This evening I watched 20,000 Days On Earth. One would be forgiven for thinking that it might be a sequel to 20,000 Leagues Under the Sea, but it's a biopic of Aussie-born, now Brighton-resident singer and writer Nick Cave.
Released late last year, it was directed by Jane Pollard and Iain Forsyth, their first film after meeting each other at Goldsmiths College. And they've done a very good job. Stylish and beautifully shot, it somehow comes across more as a piece of fiction than documentary. Cave wakes up beside his real wife, goes to see a real shrink, and an unprepossessing Kylie Minogue, chubby Blixa Bargeld and actor Ray Winstone appear as chatting passengers in his car as he drives around Brighton… but they all seem to be following a script (reinforced by the presence of Winstone). A short, touching scene shows Cave on the sofa, watching TV & eating pizza with his two sons, made terribly poignant through the knowledge that in real life just a few weeks ago Arthur fell to his death from a cliff not far from his home.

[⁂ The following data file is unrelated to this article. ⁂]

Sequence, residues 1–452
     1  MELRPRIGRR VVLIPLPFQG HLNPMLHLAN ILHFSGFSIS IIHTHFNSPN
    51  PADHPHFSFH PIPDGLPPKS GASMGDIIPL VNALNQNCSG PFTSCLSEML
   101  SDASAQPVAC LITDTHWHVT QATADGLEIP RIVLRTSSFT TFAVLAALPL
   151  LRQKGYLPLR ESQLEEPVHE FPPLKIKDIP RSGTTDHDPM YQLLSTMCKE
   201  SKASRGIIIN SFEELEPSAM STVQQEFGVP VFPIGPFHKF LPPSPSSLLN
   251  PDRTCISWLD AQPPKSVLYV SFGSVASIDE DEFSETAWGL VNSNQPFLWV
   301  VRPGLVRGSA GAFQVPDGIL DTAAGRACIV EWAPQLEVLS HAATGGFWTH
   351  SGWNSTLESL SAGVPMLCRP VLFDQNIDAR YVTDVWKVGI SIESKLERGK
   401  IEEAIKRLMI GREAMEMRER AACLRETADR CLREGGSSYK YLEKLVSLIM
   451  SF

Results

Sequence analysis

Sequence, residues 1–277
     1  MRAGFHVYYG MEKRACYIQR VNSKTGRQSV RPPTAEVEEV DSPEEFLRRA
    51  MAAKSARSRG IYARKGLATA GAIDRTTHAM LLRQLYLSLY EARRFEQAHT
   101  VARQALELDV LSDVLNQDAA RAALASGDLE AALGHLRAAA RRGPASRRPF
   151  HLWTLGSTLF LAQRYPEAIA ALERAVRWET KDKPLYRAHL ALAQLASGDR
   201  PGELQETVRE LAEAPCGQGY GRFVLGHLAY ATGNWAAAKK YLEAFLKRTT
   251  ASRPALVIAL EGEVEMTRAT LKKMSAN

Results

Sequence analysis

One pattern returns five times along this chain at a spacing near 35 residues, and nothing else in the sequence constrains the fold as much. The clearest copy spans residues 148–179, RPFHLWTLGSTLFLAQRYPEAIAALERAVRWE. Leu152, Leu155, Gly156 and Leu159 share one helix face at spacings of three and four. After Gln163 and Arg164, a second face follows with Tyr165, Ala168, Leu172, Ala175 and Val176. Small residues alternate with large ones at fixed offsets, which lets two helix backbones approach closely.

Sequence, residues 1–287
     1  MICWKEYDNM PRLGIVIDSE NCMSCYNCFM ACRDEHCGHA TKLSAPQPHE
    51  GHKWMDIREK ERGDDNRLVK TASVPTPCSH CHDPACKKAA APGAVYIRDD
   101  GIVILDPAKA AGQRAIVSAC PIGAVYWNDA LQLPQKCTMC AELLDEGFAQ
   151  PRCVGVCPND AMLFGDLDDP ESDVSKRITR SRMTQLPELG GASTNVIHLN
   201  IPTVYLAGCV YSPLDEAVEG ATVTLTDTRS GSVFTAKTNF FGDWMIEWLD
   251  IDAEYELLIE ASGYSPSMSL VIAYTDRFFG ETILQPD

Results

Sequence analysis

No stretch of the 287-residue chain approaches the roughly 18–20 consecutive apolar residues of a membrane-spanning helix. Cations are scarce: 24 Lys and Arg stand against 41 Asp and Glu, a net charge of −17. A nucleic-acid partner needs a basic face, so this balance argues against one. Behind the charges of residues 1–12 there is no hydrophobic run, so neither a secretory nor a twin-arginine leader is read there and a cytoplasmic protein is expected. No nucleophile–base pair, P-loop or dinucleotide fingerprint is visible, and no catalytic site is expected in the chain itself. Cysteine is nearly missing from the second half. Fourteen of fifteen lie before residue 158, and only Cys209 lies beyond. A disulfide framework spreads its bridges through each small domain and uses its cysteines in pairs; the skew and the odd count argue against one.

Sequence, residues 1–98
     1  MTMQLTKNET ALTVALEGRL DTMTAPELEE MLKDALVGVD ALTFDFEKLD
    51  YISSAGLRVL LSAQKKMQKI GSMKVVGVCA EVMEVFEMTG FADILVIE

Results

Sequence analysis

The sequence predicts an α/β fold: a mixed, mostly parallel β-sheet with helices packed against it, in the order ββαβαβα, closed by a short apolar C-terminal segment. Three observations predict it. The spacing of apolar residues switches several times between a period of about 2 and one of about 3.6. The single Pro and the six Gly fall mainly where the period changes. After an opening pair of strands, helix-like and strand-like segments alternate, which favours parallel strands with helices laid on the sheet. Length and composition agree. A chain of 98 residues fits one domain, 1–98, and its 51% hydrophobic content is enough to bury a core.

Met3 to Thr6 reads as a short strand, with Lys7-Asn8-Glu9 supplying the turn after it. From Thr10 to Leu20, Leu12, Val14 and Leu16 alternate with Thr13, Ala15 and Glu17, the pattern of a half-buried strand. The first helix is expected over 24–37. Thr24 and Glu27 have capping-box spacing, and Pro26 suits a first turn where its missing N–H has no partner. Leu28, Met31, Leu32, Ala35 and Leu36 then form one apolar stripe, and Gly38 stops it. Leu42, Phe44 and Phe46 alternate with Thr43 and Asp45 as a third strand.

I really liked Cave in the 80s - particularly The Birthday Party, the first Bad Seeds album in '84 (I saw them a couple of times) and his debut novel - but I lost some interest beyond that. So ultimately, because I'm not nowadays a fan, I couldn't really warm to what was in effect his 20,001st day on planet Earth, a fair part of which was working on his new album. But Pollard and Forsyth are directors to keep an eye on.